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Flash Fires

 Philip Levitas, Fiction



Trees burn all summer long in his neighborhood. Leaves lose their lives.

Leo's birch is only the first to go.

People are frightened. They're afraid their houses will catch fire.

They think a professional arsonist is on the loose and dismiss other possibilities. Everybody is angry; suspicion looms.

The map of burning trees circles Leo's block and he witnesses the plumes of ash like vultures form a ring closing back upon his house.


Leo rises with the sunrise. Usually, in better times, when he had a day off from work he'd sleep until ten or eleven. Now, he beats the rooster.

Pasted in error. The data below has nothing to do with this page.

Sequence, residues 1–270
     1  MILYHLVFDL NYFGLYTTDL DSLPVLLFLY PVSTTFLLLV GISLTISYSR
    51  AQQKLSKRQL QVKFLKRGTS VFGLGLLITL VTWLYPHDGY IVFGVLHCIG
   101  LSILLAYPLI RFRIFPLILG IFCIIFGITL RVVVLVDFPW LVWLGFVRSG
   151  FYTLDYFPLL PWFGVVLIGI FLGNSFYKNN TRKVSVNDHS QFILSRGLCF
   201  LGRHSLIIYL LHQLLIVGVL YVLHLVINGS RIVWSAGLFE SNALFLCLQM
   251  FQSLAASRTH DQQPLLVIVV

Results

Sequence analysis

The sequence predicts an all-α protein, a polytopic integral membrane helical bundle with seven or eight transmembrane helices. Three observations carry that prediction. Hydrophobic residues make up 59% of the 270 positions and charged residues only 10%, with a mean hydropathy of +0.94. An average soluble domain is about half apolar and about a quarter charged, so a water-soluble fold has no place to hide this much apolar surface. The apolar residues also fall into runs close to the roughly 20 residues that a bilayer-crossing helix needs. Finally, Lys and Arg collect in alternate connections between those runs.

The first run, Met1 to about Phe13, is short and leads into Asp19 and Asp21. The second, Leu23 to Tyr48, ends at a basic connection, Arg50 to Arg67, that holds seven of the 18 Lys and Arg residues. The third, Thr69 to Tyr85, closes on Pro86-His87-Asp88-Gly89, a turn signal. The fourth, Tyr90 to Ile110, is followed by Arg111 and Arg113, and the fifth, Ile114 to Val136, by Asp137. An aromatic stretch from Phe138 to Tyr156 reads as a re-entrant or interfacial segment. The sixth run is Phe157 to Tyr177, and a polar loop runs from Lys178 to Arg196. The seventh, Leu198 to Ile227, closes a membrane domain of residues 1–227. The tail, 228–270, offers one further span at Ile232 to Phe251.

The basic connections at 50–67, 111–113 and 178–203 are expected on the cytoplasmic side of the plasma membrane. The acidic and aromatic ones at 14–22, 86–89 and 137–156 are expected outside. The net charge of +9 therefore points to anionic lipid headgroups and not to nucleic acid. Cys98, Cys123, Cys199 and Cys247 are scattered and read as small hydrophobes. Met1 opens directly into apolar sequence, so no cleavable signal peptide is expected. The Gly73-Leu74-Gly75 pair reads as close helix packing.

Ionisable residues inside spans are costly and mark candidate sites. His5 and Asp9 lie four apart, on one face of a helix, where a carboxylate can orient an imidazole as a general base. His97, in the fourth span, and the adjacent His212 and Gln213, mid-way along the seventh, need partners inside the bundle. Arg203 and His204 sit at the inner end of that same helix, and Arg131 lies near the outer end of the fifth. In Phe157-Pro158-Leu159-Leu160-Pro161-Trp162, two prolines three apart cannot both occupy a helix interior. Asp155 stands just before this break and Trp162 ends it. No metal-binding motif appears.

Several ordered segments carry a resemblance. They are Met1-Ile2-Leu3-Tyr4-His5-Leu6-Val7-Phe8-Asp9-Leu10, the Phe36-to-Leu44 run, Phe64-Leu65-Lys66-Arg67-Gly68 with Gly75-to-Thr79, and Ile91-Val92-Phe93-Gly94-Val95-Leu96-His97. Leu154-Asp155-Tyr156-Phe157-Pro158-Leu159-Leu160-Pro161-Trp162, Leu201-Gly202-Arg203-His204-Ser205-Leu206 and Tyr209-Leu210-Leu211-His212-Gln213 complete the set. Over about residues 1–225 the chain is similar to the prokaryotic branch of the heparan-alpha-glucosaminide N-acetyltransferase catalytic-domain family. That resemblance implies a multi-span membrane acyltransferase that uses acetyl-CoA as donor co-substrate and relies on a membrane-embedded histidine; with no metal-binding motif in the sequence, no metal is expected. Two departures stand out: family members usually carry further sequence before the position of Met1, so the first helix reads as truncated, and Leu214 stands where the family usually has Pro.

In his kitchen, at dawn, he drinks green tea. The house is still. It's his only hour of peace. Leo's son, Bernard, is already out of the house, pedaling his bicycle around the neighborhood, tossing newspapers onto driveways.

The kid's a failure.

It kills Leo to think so, but it's true. Bernard shows no interest in anything except seconds at supper. The paper route is not undertaken by choice. Leo forces him to do it. Sometimes, Leo looks at that boy's face and feels actual hate well up inside of him. He's certain Bernard senses it.

All Leo teaches him, he doesn't want to learn—Bernard never listens, he never learns.


Leo has other things on his mind besides Bernard and the tree fires. He has radioactive seeds implanted in his prostate.

There's a lot to consider.

  • He may not allow young children to sit on his lap for long periods of time (more than fifteen minutes).
    • This is not a concern because Bernard is no longer young, nor does Bernard ever sit in his lap.